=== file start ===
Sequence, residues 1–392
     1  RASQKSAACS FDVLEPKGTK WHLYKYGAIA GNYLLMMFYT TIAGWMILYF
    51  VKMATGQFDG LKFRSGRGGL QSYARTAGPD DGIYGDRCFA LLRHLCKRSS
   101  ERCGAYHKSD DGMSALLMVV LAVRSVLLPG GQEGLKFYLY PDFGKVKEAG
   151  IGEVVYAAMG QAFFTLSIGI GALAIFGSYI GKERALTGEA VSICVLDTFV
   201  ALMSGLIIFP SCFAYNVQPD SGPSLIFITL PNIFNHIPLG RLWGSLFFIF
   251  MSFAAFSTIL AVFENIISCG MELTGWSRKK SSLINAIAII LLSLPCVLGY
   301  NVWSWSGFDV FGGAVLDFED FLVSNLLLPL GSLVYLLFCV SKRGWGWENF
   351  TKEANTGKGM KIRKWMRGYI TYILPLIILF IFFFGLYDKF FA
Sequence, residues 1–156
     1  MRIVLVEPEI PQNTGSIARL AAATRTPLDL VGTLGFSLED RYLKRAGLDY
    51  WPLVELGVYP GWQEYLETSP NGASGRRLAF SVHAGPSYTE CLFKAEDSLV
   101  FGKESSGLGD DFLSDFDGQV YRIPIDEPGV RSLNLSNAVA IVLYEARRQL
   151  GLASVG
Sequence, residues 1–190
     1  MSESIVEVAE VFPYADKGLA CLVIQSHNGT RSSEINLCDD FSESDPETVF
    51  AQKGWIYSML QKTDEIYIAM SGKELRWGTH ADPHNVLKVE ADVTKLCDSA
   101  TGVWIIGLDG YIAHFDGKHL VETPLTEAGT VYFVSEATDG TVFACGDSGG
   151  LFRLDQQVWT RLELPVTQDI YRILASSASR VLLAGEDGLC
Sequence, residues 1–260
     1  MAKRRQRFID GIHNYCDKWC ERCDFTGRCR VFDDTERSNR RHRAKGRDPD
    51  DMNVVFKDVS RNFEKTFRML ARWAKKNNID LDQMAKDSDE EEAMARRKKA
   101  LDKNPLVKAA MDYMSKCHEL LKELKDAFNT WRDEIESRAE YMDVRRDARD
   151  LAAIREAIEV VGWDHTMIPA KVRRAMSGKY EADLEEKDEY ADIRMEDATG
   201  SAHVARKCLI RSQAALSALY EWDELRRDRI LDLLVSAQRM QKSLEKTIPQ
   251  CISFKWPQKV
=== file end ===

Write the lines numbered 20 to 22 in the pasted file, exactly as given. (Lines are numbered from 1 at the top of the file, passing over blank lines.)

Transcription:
Sequence, residues 1–260
     1  MAKRRQRFID GIHNYCDKWC ERCDFTGRCR VFDDTERSNR RHRAKGRDPD
    51  DMNVVFKDVS RNFEKTFRML ARWAKKNNID LDQMAKDSDE EEAMARRKKA